A visit to a home center in Tokyo, where I live, is to fully immerse in the spectrum of plastics: carbon-fiber this, Teflon that, shelves full of plastic artificial turf, plastic faux-wood floors, shiny-plastic rice cookers and coffee makers, plastic plants in plastic pots; shampoo, soap, skin lotions and make-up packaged in every color of the plastic rainbow. Even 60% of our clothes are made from synthetic fibers (plastic): aisle upon aisle of cheap, polyester, Lycra and acrylic clothing, spanning all age groups from cradle to grave, hanging on racks in neat rows. Finally, consumers wait patiently in line, pushing plastic shopping carts, preparing to pile their purchases onto a plastic conveyor belt, to be scanned by a clerk into a plastic-encased cash register, paid for with a plastic credit card, before stuffing it all into single-use plastic bags to be carried home.
Now, after decades of overuse of single-use plastic, the planet is literally drowning in the plastic we have thrown away. By 2017, the world had produced a grand total of 8.3 billion metric tons of plastic, more than one ton for every person on the planet. Most of it, 6.3 billion metric tons, can be found in landfill sites, but another 8 million metric tons of plastic enters our oceans each year because roughly two billion people live within 30 miles (48 kilometers) of the sea. Plastic is literally in every corner of the planet. In 2019, researchers found microplastic in Arctic ice in greater concentrations than in the surrounding Arctic Ocean waters. The same year, explorers found plastic in the Marianas Trench in the Pacific, the deepest point on the planet. Forty-six percent of the mass of the Great Pacific Garbage Patch is made up of “ghost” plastic fishing nets lost by fishermen. Plastic breaks into smaller and smaller pieces – of plastic – and zooplankton, minute organisms that form the very foundation of the marine food chain, ingest these microparticles, absorbing toxins and less nutrient-rich food. The toxins are then passed up the food chain by predators, and accumulate, most affecting those at the top of the fish-consuming chain, for example sharks, toothed whales, seals, seabirds, and us. According to an Australian study in 2015, 90% of seabirds ingest plastic. Some seabirds have been found with so much plastic stuck in their stomachs that there was no room left for food. Slowly they starve. This series explores the environmental plague of plastic waste that bears down hardest on the developing world, but the challenge of plastic waste disposal spares no country.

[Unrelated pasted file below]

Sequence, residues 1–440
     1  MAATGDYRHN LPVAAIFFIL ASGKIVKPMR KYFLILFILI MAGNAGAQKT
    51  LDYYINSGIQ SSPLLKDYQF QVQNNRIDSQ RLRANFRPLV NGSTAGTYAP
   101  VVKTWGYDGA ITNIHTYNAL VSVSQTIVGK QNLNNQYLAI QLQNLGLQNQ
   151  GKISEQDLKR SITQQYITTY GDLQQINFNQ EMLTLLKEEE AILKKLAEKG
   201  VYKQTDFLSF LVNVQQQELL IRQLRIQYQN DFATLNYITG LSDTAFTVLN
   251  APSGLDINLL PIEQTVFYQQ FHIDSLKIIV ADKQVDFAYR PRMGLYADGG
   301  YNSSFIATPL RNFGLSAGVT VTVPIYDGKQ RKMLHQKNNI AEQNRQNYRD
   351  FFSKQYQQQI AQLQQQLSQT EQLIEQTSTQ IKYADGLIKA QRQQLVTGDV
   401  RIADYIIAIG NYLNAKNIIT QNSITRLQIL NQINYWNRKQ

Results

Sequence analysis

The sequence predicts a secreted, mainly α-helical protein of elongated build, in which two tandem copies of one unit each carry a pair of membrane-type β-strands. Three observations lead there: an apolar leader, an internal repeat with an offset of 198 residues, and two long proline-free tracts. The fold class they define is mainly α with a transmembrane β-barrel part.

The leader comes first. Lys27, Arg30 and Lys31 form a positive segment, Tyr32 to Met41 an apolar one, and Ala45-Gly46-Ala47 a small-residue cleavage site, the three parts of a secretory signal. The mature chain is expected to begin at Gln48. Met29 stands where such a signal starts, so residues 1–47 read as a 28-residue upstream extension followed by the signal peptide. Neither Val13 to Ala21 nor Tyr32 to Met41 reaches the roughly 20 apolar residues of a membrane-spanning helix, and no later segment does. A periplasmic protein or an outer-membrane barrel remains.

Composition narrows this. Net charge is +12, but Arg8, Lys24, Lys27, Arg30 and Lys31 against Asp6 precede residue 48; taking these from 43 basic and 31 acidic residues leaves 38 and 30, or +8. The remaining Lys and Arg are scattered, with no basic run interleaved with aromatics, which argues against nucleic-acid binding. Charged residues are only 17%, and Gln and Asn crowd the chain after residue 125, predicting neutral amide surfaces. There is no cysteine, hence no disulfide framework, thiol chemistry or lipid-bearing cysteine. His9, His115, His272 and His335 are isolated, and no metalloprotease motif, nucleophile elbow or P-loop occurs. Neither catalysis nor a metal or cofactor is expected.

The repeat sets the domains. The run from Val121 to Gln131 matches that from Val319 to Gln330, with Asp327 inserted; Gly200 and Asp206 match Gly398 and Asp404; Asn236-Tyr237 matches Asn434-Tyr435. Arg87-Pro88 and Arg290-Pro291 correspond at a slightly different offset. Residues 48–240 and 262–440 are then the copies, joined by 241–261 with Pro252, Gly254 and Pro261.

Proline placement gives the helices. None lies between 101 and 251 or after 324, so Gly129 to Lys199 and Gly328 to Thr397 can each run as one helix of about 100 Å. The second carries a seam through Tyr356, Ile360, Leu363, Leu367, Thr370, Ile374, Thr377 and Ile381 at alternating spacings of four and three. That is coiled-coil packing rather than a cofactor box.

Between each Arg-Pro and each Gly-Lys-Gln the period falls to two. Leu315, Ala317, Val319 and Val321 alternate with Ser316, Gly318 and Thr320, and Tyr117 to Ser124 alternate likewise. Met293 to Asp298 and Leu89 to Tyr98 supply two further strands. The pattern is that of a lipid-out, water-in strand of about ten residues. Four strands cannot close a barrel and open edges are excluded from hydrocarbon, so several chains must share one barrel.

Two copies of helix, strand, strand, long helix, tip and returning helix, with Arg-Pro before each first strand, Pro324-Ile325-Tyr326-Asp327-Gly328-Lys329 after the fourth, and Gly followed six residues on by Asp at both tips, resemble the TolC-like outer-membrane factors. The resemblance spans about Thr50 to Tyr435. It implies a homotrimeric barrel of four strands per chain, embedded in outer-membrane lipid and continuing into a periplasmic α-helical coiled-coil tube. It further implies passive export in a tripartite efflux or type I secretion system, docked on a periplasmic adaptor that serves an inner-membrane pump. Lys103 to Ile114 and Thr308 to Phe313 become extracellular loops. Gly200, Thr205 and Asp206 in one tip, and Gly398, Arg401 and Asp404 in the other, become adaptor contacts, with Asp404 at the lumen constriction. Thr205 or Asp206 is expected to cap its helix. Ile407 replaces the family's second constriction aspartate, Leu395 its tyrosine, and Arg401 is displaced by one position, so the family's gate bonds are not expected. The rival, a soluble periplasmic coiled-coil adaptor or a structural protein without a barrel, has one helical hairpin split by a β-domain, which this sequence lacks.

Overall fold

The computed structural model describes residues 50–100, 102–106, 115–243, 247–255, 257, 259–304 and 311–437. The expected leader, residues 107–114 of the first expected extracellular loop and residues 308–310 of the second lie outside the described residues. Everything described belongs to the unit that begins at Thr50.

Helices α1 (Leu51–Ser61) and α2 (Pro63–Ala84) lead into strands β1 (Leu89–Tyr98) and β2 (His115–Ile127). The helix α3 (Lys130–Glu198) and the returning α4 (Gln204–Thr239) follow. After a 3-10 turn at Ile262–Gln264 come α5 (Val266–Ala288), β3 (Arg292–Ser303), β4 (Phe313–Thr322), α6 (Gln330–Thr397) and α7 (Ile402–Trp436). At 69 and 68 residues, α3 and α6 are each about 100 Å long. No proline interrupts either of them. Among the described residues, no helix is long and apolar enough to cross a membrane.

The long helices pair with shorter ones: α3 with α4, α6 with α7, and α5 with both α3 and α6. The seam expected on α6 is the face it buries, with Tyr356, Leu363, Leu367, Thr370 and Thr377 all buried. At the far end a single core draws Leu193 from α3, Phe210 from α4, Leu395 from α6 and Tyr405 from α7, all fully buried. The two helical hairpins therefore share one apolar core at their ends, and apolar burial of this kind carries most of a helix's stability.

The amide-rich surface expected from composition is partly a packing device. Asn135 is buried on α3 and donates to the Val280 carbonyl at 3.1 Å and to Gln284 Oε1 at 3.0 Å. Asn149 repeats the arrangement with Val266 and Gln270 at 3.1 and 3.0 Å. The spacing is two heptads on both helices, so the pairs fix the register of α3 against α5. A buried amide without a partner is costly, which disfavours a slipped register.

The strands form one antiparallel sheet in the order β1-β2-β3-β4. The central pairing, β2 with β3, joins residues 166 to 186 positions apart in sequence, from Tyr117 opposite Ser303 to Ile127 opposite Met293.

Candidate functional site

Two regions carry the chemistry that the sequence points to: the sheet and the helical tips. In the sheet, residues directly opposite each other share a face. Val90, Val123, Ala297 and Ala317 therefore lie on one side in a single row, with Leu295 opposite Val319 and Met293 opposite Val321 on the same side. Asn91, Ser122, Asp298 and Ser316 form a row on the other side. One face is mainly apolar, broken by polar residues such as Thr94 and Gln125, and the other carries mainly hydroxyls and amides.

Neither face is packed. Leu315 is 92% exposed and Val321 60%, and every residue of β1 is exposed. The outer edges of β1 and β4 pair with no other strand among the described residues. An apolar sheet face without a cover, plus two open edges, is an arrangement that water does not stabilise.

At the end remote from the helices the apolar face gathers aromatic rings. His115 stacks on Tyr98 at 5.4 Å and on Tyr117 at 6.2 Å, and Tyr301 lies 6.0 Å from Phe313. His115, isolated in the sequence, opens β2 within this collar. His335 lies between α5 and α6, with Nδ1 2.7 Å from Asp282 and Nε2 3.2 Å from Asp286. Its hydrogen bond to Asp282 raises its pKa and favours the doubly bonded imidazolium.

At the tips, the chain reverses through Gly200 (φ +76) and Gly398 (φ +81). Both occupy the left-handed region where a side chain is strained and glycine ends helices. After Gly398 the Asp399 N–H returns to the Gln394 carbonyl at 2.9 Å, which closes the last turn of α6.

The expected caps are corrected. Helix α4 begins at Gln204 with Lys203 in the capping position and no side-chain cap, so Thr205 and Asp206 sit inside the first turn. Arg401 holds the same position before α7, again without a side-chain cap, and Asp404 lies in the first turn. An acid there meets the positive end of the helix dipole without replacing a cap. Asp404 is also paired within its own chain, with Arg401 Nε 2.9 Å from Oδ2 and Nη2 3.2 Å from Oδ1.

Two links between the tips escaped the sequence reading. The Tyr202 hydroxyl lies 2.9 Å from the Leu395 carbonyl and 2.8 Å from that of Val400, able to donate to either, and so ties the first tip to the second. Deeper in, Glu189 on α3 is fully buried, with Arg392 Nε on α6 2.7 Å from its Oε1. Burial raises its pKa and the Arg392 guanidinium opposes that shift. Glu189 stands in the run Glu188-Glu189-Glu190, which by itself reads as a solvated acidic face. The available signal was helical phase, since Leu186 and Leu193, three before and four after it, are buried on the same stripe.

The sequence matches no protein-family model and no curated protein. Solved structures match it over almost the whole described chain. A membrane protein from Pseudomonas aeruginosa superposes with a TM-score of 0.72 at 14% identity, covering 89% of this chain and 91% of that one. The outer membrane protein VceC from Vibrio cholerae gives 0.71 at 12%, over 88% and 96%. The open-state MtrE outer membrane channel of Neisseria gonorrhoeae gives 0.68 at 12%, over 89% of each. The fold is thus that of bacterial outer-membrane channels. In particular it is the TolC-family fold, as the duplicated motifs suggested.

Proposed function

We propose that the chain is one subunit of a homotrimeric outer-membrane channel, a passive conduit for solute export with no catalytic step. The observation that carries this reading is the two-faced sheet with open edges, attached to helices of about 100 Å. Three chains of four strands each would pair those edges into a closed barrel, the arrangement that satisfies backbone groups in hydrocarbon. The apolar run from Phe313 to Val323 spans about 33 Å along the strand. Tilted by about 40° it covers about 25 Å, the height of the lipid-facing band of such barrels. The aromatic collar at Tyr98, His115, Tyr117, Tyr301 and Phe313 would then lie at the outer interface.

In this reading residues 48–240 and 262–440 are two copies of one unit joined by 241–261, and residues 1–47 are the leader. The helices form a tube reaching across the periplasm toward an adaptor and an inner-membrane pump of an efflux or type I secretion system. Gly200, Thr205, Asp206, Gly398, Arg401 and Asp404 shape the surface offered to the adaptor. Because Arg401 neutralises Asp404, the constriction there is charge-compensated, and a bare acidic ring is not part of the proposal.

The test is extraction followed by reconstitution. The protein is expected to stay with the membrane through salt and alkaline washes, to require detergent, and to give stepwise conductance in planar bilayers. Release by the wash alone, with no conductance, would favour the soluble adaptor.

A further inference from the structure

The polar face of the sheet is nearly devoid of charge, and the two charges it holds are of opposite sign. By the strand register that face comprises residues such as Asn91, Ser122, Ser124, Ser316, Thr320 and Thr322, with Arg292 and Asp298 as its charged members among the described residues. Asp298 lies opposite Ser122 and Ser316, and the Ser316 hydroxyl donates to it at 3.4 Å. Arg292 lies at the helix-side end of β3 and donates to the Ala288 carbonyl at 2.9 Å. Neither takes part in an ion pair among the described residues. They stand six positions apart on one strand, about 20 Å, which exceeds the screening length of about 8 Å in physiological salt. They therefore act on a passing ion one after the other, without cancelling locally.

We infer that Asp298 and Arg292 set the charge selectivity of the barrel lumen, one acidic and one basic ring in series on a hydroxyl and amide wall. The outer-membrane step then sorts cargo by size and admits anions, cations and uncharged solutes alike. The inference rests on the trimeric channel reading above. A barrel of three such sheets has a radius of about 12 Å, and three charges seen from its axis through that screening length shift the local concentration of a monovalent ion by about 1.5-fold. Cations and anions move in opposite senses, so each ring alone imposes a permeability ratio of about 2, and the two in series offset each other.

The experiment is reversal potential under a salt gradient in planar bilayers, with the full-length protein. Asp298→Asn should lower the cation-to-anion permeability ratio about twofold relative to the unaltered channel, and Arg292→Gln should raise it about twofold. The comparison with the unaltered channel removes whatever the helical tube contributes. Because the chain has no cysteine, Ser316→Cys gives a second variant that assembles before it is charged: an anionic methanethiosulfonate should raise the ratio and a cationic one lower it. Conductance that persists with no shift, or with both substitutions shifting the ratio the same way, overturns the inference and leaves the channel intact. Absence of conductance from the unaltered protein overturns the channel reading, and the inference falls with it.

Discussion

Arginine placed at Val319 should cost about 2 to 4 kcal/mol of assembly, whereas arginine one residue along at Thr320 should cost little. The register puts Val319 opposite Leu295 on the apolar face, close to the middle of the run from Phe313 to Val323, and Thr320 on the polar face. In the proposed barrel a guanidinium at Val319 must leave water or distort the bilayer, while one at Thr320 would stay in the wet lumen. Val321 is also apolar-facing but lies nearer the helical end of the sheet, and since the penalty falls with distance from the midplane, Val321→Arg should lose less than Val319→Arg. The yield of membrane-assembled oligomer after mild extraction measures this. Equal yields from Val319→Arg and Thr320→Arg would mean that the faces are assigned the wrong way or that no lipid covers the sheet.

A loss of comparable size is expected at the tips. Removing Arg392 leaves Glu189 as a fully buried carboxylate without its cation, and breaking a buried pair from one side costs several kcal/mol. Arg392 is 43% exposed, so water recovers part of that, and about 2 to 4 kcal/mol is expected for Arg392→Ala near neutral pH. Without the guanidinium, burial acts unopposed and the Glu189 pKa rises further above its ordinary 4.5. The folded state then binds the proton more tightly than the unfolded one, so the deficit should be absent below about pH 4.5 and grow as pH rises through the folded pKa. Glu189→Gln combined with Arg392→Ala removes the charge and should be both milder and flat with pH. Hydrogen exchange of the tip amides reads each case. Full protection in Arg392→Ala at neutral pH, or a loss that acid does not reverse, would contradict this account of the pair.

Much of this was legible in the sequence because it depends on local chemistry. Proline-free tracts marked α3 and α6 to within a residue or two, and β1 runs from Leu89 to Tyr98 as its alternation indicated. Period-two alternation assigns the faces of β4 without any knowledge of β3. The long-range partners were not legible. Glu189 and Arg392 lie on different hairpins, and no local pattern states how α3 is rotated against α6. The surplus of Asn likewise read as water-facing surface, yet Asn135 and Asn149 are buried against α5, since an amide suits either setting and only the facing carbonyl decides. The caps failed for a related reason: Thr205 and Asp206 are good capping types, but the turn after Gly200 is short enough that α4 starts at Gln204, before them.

James Whitlow Delano
James Whitlow Delano is represented by Sipa Press in France, by Photo Op in Italy, and by Laif in Germany.